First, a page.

Essays by Beattie

Essays by Beattie



By James Beattie 1776 First Edition

Printed In Edinburgh For William Creech

The Volume is in Very Good Condition Bound in gilt-ruled speckled calf, with the spine divided into six gilt-stamped compartments by five gilt and raised bands, with a red morocco letter-piece in the second compartment from the top, with the board edges gilt tooled. Externally the boards and spine are lightly scuffed in general, with the front board holding by the cords, the rear hinge showing splits, with chipping to the head and tail of the spine, and with the board corners bumped a bit. Internally, the leaves are generally clean and amply margined with some small stains on occasion as well as faint scattered foxing, and with perhaps some toning at the initial leaves.
The Volume is Complete in All Respects With List Of Subscribers and Errata. See below for pagination & dimensions.

Title - Essays by Beattie

Of James Beattie

James Beattie was born the son of a shopkeeper and small farmer at Laurencekirk in the Mearns, and educated at Marischal College (later part of Aberdeen University), graduating in 1753. In 1760, he was appointed Professor of moral philosophy there as a result of the interest of his intimate friend, Robert Arbuthnot of Haddo. In the following year he published a volume of poems, The Judgment of Paris (1765), which attracted attention. The two works, however, which brought him most fame were An Essay on the Nature and Immutability of Truth, and his poem of The Minstrel. The Essay, intended as an answer to David Hume, had great immediate success, and led to an introduction to the King, a pension of £200, and the degree of LL.D. from Oxford. The first book of The Minstrel was published in 1771 and the second in 1774, and constitutes his true title to remembrance, winning him the praise of Samuel Johnson. It contains much beautiful descriptive writing. Beattie was prominent in arguing against the institution of slavery, notably in his Essay on the Nature and Immutability of Truth and Elements of Moral Science.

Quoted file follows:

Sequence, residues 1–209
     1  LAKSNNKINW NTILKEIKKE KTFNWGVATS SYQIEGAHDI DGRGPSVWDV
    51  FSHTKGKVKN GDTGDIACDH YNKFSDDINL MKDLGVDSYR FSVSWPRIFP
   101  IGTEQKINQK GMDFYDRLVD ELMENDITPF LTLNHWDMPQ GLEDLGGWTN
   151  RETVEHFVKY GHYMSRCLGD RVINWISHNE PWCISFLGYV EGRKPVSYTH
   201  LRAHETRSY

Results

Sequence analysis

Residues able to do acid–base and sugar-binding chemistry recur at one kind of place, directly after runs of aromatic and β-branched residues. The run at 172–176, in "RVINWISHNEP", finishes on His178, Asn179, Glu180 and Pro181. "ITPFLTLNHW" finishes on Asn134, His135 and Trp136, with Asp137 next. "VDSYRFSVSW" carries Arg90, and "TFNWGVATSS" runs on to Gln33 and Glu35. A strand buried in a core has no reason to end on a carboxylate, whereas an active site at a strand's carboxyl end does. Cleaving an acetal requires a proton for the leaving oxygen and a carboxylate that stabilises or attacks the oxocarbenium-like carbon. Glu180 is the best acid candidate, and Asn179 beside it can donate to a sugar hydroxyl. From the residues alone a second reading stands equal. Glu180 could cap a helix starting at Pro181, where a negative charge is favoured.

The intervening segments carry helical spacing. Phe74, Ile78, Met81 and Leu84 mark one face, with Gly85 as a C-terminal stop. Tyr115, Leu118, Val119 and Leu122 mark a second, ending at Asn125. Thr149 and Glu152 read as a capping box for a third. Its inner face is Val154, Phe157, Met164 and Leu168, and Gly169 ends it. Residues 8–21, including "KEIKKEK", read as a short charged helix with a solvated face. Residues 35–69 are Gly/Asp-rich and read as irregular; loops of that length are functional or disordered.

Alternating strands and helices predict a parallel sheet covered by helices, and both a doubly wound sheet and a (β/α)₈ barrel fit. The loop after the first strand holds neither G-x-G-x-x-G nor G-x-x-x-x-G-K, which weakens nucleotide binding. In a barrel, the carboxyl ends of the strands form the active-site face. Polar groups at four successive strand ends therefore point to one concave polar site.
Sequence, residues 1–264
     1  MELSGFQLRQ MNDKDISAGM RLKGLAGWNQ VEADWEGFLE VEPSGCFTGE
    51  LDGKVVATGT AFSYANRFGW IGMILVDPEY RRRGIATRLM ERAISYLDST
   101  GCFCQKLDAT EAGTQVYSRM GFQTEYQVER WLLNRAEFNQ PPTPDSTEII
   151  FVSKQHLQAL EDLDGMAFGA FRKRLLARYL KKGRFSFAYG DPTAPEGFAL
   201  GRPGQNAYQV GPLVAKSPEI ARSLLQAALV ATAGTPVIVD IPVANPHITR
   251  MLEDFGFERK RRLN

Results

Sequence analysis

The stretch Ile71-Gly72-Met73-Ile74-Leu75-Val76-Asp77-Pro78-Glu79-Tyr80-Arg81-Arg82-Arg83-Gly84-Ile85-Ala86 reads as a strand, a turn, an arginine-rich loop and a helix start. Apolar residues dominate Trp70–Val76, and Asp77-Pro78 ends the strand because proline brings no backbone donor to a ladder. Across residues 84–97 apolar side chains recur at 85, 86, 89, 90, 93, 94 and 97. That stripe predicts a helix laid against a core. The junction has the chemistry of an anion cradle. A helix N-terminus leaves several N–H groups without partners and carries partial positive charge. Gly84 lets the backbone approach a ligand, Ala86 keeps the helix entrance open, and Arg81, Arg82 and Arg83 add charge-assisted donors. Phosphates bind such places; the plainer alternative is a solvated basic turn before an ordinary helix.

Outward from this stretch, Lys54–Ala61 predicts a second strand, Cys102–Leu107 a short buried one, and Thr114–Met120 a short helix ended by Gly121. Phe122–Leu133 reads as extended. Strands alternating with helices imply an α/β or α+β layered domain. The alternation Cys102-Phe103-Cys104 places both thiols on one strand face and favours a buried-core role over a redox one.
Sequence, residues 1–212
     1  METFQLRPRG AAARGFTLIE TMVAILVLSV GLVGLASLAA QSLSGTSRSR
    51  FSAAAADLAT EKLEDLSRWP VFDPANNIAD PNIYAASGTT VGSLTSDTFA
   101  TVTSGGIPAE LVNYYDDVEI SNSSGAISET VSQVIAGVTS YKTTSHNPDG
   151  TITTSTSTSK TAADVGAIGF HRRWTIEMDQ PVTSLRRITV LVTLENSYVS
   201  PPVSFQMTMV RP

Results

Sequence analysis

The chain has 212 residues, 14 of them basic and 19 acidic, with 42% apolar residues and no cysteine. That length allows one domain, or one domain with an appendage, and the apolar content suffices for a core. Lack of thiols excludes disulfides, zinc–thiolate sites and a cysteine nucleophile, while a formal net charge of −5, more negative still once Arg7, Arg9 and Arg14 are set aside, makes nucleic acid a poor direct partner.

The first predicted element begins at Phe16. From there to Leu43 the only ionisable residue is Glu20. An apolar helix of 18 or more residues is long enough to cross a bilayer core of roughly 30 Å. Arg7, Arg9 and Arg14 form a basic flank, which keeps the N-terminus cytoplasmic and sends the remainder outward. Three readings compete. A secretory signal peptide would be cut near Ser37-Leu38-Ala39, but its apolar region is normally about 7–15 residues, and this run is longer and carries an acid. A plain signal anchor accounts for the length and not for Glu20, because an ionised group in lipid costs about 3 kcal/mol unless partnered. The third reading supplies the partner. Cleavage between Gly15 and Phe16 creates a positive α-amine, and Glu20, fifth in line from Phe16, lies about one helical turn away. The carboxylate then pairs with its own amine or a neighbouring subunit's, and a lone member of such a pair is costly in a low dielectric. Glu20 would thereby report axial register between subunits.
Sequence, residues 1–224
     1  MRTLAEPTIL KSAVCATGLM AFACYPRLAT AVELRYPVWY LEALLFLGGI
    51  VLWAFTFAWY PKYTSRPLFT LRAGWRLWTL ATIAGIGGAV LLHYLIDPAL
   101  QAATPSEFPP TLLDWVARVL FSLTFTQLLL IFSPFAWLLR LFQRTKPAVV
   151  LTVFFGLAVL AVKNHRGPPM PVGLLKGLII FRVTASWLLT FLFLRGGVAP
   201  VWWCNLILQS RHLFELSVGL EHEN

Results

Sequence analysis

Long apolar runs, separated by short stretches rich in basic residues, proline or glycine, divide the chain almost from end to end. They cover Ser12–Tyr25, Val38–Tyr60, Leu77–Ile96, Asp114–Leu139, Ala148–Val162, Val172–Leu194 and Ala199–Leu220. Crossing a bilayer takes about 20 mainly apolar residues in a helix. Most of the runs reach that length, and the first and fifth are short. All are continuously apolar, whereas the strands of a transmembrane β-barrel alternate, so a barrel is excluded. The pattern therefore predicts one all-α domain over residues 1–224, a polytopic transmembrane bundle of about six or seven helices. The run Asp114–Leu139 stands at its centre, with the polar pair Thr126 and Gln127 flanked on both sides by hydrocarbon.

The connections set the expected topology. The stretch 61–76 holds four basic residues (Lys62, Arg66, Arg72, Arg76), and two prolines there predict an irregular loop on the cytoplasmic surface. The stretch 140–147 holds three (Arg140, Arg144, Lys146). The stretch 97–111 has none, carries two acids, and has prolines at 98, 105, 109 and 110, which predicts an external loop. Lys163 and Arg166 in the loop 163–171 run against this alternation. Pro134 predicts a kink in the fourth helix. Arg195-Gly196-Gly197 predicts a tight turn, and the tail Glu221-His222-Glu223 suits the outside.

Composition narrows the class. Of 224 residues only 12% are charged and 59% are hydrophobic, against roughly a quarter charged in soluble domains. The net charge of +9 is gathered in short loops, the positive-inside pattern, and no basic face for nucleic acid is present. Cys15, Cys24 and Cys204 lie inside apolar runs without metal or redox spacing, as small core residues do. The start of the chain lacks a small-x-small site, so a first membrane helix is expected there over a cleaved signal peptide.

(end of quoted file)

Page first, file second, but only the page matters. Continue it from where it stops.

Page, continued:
Beattie was an amateur cellist and member of the Aberdeen Musical Society. He considered questions of music philosophy in his essay On Poetry and Music, published with a folio reissue of the Essay in 1776. It was republished several times and translated into French in 1798.

Beattie defines truth as, as “what the constitution of our nature determines us to believe.” Common sense is identified as “that faculty by which we perceive self-evident truth,” whereas reason is “that power by which we perceive truth in consequence of a proof.” Beattie then argues that the evidence of perception generally reliable; that everything which ever “begins to exist” has a cause; that nature is uniform; and therefore that human testimony is essentially trustworthy. Beattie criticizes David Hume for promoting skepticism, arguing that Hume’s views led to moral and religious evils. Beattie holds that the mind possesses a common sense, or power for perceiving self-evident truths. Common sense is instinctive and unaltered by education, and truth is what it leads the mind to believe. Beattie also challenges racism evident in David Hume’s essay ‘Of National Characters’. Responding to Hume’s assertion that “I am apt to suspect the negroes to be naturally inferior to the whites,” Beattie writes “That the inhabitants of Great Britain and France were as savage two thousand years ago, as those of Africa and America are at this day.”

Pagination & Dimensions

The volume is paginated as follows: [8], [i]-xiv, [1], 4-757, [1]. The volume collates as follows: a-c4, A2-4, B-5B4, 5C3. The volume measures about 27.5 cm. By 22 cm. By 6 cm. Each leaf measure about 260 mm. By 210 mm.

Full Gallery ( 67 images )

Mouse over the gallery and then use the scrollbar, your mouse wheel or your keyboard arrows to navigate. Click on an image to view in fullscreen mode.

Share this book